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Michael Hersch - the wreckage of flowers
Works for Violin

Michael Hersch - the wreckage of flowers - Works for Violin

Michael Hersch: Complete Works for Solo String Instruments - Volume II
Label: Vanguard Classics (MC-105)
Miranda Cuckson, violin; Blair McMillen, piano
Release Date: November 2010


In late 2010, Vanguard Classics released the second installment of its ambitious survey of Michael Hersch's works for strings. Volume I of the Vanguard series, which featured Hersch's Sonatas Nos. 1 & 2 for Unaccompanied Cello, was released to great acclaim in 2009. The current disc comprises his works for violin, featuring violinist Miranda Cuckson, who has emerged over the past decade as among the foremost new music advocates of her generation.

The present title is Vanguard’s fifth recording of Hersch’s works, a rare honor for a composer who at the time of its release was not yet 40. His first disc of chamber music was released in 2003, with performances by the String Soloists of the Berlin Philharmonic, alongside performances of Hersch’s piano works with the composer at the keyboard. His second disc for the label, on which Hersch performed his own Milosz Fragments in addition to works by Josquin des Pres, Wolfgang Rihm, and Morton Feldman, was selected by both The Washington Post and Newsday as among the most important recordings of 2004-5. In 2007, Vanguard released a two-CD boxed set of the composer's landmark work, The Vanishing Pavilions, again with the composer at the piano.

The new recording, features Hersch's Five FragmentsFourteen Pieces after texts of Primo Levi, both for unaccompanied violin, and the wreckage of flowers: 21 pieces after poetry and prose of Czeslaw Milosz, where Ms. Cuckson is joined by pianist Blair McMillen.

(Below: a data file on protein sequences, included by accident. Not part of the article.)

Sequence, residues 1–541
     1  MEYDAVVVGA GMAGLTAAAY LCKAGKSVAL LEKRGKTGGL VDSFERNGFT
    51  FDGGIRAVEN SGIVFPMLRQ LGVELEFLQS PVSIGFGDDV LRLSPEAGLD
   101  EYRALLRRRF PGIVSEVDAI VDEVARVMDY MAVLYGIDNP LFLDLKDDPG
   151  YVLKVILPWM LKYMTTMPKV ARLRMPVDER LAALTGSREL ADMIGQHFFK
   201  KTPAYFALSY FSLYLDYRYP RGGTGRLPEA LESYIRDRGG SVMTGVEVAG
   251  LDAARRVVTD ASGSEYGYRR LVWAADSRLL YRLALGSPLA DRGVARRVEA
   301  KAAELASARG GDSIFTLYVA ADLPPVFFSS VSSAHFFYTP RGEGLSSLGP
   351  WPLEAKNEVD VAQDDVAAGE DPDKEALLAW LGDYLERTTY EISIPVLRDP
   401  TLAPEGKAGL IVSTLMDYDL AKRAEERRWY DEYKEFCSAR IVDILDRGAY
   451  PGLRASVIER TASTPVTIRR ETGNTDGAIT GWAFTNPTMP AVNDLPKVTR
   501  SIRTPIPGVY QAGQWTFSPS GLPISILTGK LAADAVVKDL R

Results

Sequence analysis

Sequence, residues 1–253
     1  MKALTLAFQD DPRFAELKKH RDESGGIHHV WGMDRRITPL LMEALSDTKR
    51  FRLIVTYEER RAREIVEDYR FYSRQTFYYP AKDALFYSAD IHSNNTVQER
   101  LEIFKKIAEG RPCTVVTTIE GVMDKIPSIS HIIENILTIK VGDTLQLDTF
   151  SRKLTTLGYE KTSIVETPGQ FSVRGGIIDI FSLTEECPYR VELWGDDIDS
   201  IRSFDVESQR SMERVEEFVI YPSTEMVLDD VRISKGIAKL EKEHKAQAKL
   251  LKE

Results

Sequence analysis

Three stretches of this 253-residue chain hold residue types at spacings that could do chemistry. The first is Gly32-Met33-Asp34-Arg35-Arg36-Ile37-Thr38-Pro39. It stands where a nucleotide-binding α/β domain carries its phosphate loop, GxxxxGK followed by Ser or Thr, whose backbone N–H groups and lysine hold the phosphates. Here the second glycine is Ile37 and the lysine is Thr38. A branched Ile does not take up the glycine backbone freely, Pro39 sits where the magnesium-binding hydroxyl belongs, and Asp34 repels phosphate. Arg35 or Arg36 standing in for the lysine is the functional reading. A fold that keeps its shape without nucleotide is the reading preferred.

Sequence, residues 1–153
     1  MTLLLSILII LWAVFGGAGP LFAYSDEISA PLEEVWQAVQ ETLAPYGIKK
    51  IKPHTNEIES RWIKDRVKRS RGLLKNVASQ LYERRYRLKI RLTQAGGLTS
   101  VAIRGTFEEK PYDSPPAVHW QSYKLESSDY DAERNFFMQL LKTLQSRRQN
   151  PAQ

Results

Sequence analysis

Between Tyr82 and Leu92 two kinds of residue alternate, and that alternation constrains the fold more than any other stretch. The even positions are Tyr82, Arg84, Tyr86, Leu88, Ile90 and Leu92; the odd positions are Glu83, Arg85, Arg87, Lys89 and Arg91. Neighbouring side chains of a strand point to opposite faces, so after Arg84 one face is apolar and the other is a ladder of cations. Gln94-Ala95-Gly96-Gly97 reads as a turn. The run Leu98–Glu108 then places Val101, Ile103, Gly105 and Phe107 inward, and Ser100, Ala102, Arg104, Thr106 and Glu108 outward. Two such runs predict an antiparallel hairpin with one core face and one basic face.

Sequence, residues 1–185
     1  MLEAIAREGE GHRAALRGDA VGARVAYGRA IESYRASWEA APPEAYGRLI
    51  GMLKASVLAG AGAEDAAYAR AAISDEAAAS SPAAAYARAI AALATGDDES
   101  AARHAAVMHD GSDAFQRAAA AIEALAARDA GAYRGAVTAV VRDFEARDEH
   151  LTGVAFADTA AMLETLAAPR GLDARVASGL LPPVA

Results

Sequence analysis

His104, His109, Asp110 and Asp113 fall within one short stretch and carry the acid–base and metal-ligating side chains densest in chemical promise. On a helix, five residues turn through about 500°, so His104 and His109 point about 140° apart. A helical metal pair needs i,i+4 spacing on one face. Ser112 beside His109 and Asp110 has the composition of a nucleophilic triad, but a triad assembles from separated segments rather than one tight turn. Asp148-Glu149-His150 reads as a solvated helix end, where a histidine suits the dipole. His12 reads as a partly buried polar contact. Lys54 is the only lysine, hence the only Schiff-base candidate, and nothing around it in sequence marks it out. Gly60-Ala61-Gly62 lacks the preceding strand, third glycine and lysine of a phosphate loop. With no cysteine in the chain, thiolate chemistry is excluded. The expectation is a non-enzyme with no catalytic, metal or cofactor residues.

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"Michael Hersch writes music that can take the tiniest of gestures and within seconds wreak havoc on one's emotional state. The brief Fourteen Pieces for unaccompanied violin on texts of Primo Levi take on images of dread - "dense violent dreams," one line reads ... The sixth movement beginning "I won't go far," sounds like a tentative but graceful reaching -- a trapeze artists with no net stretching an arm out."
— The Newark Star-Ledger (2011)

"In his typically uncompromising manner, composer Michael Hersch collects his violin chamber works - all of which emotionally go for broke but in different ways - onto a single disc, no matter how heavy-going it might initially seem. All three works - Fourteen Piecesthe wreckage of flowers, and Five Fragments - come from a period (2003-2007) when Hersch was writing intense but tiny micromovements. Fourteen Pieces, for example, has 14 movements in 31 minutes. ... Hersch supplies accompanying poetic fragments by Primo Levi and Czeslaw Milosz that give the ear a needed compass in his wintry journeys. ... the performances are completely up to the often-explosive demands of the music ..."
— The Philadelphia Inquirer

"Both the 14 Pieces and The Wreckage of Flowers take the inspiration for their brief, aphoristic movements from fragments of poetry; of Primo Levi in the one case, and Czeslaw Milosz in the other. Both sets of texts share a sense of desolation, and both contain powerful imagery of nature ... Abrupt gestures - some quite tonal, others decidedly not - decay into silent voids; lamenting melodies alternate with violent chordal playing; virtuoso filigree gives way to sombre meditativeness. The result is a highly expressive, quasi-programmatic series of images. The generally more somber Milosz pieces are similarly evocative, with eerie shadings of violin tone, while the piano part interacts with the violin in brusque clusters or in dialogue that can be complementary or confrontational, according to the poetic context. The little Fragments have no accompanying text, but heard in the context of the other works with their evocative vividness, they seem to imply imagery and narrative of their own."
— Records International